Wednesday, October 9, 2013

Continued from Monday....

Miranda read the letter again. And again. A storm of emotions and questions berated her. She could not remember ever feeling so much at one time before.
First, she wondered if this was a real proposal or a cruel joke. It sounded straight from a gumshoe mystery, like the ones she had skimmed at the public library since the school’s library had no fascinating fiction. Library day came once a month and it was Miranda’s favorite outing, though she and the other pupils were never allowed to check out any books. But Miss Trindle was mandated by the town of Lesterville to take her students to the library once a month, so she did to keep from being audited.
Next, the letter was very vague. What was the special test and what special program? What were her special skills? How did this interested party know about her? Despite all these misgivings, Miranda felt…well, special.
She feared though there was no possible way Miss Trindle would ever grant her permission to go into town alone to the woman’s restroom in the bus station. The only people at the boarding school allowed to go into town alone were the staff, and even they could go only every other Sunday. Feeling slightly deflated, Miranda licked the envelope and did her best to reseal it. She emerged from her hiding spot behind the drape and sat back down at the writing desk. Opening the top drawer, she laid the envelope atop the mess of papers and closed the drawer.
Her thoughts stayed with her letter as she joined the other students and filed into the dining hall. She stood behind her seat, eyes cast down at her chipped plate bearing a single slice of bread, a wedge of pale cheddar cheese, and five green grapes.
“Don’t,” she muttered automatically as someone passing yanked her hair.
“Anderson, Grant!” called Miss Trindle from the head of the table. She held up a small envelope and set it on the table. “Laraby, Rebecca! And…Knight, Miranda!”
Everyone turned to look at her.
“She never gets mail,” uttered one of the nine year-old girls down the table.
“It’s a miracle!” piped up a ten year-old boy across from her.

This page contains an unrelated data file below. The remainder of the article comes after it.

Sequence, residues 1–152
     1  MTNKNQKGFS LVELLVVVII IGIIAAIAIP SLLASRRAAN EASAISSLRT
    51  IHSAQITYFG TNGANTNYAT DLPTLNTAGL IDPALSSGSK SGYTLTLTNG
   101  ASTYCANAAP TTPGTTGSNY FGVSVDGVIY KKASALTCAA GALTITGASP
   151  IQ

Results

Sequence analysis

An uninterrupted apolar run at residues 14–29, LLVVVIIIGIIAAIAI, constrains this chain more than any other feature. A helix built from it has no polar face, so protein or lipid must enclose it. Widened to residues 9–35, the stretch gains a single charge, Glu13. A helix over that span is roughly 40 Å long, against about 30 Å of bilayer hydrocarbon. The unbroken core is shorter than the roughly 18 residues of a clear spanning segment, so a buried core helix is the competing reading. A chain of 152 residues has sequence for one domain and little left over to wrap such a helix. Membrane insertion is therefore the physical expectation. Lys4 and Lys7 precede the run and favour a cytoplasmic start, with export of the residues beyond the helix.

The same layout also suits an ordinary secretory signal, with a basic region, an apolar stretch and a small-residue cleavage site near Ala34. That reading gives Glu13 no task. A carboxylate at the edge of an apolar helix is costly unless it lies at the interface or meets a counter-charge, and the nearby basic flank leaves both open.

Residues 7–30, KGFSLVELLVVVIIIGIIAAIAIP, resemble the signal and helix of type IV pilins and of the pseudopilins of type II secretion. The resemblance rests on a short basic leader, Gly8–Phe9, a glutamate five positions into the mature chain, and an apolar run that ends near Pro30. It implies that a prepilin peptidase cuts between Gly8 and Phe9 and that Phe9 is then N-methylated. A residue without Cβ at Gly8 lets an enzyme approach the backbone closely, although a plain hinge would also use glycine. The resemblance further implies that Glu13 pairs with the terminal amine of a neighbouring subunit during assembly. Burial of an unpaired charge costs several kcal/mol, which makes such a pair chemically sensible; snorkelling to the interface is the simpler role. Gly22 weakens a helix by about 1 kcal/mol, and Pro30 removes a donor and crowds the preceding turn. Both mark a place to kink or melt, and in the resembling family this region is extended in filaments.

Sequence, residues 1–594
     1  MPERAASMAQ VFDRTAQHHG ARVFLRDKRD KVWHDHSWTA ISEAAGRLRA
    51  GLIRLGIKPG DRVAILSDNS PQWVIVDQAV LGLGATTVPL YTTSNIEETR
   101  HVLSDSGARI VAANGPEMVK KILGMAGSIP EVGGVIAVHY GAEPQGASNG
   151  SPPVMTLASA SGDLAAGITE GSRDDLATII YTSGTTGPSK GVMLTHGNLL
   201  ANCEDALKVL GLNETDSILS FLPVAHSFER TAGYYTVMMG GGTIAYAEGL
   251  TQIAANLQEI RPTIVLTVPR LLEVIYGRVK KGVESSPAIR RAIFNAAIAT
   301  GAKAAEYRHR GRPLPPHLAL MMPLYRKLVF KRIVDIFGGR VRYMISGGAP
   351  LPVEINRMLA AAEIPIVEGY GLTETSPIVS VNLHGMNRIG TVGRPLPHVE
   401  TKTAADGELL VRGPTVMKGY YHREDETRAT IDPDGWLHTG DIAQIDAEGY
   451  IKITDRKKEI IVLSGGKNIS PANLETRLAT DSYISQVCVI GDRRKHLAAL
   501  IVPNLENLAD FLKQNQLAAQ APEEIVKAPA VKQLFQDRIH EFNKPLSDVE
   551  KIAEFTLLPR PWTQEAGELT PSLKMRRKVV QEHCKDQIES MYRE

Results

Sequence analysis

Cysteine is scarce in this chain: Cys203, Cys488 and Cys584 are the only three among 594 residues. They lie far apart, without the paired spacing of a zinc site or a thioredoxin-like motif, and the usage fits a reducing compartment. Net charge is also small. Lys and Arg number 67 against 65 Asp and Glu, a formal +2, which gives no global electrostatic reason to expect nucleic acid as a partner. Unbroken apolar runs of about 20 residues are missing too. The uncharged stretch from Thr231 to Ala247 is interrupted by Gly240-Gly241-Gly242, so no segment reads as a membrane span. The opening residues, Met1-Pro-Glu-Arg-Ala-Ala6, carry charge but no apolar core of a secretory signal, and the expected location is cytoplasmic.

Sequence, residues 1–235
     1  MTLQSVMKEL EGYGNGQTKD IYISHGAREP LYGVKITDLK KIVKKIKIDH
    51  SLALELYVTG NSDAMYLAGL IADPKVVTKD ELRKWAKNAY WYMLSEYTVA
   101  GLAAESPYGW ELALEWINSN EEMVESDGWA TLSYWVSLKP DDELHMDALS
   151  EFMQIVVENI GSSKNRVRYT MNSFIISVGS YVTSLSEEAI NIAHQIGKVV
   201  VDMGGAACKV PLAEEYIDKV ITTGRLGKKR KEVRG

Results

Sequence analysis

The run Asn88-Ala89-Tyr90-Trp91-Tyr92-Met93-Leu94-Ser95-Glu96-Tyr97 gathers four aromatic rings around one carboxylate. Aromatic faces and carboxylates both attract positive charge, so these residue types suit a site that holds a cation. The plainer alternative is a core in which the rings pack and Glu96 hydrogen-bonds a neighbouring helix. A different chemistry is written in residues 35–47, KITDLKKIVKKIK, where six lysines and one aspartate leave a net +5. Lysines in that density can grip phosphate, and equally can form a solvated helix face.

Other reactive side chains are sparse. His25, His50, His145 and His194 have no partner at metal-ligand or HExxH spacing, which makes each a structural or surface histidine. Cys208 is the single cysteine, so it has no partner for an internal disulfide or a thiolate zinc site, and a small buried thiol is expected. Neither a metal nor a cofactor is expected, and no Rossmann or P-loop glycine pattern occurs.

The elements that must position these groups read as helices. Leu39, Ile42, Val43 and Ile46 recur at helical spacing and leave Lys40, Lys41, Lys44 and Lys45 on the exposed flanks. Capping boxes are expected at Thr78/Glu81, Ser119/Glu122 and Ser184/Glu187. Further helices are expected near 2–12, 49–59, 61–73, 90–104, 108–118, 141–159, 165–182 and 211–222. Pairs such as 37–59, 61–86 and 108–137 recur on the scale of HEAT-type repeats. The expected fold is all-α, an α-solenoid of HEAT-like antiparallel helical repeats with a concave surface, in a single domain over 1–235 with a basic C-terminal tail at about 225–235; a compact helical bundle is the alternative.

Miranda rolled her eyes and rose to get her letter from Miss Trindle. Back at her seat, she opened the envelope again, unfolded the letter, and reread it.
She listened to the soft whispers of lunch time conversation. She tasted her dry bread and waxy cheese. She felt another tug on her hair. She dreaded reporting to the kitchen next to wash dishes; this week the twelve year-old girls were on kitchen duty.
But she felt something new: slight warmth and tingling of anticipation that spread through her.
Miranda shot her hand up.
“What is it?” Miss Trindle snapped as expected.
“I need you to read my letter please.”
For the second time that day the entire student body gaped at her in shock. She was starting to enjoy this.
“Bring it here then.”
Miranda scurried up to Miss Trindle and handed her the letter. She watched the old woman’s frowning face drop even farther. The headmistress crumpled up the letter.
Without looking at the girl, Miss Trindle growled, “No!”
Miranda finished the rest of the day in a kind of stupor. She washed dishes. She pricked her finger in needle-point class. She spent free time under her bed drawing more details on the map of the school she had been working on for the past month. She choked down the over-salted lentil soup at dinner. She waited in line for the communal bathroom and ignored Rebecca Laraby’s cruel remarks about all the girls: how Kate was gaining weight and Sarah’s nose looked like a vegetable and how Hailey was going to be transferred up north for making out with Collin.
Then as Miranda settled on her squeaky cot and tucked the ratty blanket around her thin frame, a second unexpected thing happened that day.
Miss Trindle appeared in the doorway of the girls’ dorm room.
“Miranda Knight! A word. Now!”
Miranda swallowed, and scrambled off her cot. She joined her headmistress in the narrow corridor.
“You will go into town tomorrow after classes by yourself and follow the directions precisely.” She smashed a crinkled paper into Miranda’s palm. “You are to return by dinner time and not a second later, do you understand?” She folded her arms over her sagging chest. “Mark my words, there is clearly some mistake. You have no special skills. You are just an orphan.” With a parting scowl, she spun around and marched off. “Get to bed!”
When Miranda entered the dorm room, she found Rebecca and her posse of girls standing with their arms crossed and their faces twisted. She ignored them and got into bed.
“How come you get to go into town tomorrow by yourself?” questioned Rebecca, her usual bruise color bleeding with a swampy green as her jealousy set in.
“Yeah, no one gets to go out,” Sophia, a girl with a blotchy red birthmark on her neck, jumped in.
“Not even the teachers,” chimed in Gracie as she scratched the eczema on her elbows.
“None of your business.” Miranda lay down, but instantly bolted up. “My pillow! It’s soaked!”
Rebecca snickered as she and the other girls scooted onto the creaky cots.
Miranda tossed her flat, wet pillow to the floor. Normally, a mean prank like that would have squeezed a tear from her after the lights were cut. But she had something to bolster her. She had no idea what lay ahead for her tomorrow, but it had to be better than etiquette class, hair-yanking, and soupy oatmeal. She hugged the letter close.

And she dared to feel special.

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